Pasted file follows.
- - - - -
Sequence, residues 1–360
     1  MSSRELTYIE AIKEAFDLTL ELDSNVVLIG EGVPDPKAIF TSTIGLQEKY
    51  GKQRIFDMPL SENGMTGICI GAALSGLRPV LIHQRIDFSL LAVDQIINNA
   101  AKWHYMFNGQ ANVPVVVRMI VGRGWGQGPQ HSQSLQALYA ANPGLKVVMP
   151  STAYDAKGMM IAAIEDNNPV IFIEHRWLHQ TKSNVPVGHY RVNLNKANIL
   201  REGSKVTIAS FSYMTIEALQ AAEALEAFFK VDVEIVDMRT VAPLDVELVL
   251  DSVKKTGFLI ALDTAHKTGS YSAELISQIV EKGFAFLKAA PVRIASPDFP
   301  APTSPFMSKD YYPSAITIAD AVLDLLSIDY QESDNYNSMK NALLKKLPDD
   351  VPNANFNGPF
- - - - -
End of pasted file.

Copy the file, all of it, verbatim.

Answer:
Sequence, residues 1–360
     1  MSSRELTYIE AIKEAFDLTL ELDSNVVLIG EGVPDPKAIF TSTIGLQEKY
    51  GKQRIFDMPL SENGMTGICI GAALSGLRPV LIHQRIDFSL LAVDQIINNA
   101  AKWHYMFNGQ ANVPVVVRMI VGRGWGQGPQ HSQSLQALYA ANPGLKVVMP
   151  STAYDAKGMM IAAIEDNNPV IFIEHRWLHQ TKSNVPVGHY RVNLNKANIL
   201  REGSKVTIAS FSYMTIEALQ AAEALEAFFK VDVEIVDMRT VAPLDVELVL
   251  DSVKKTGFLI ALDTAHKTGS YSAELISQIV EKGFAFLKAA PVRIASPDFP
   301  APTSPFMSKD YYPSAITIAD AVLDLLSIDY QESDNYNSMK NALLKKLPDD
   351  VPNANFNGPF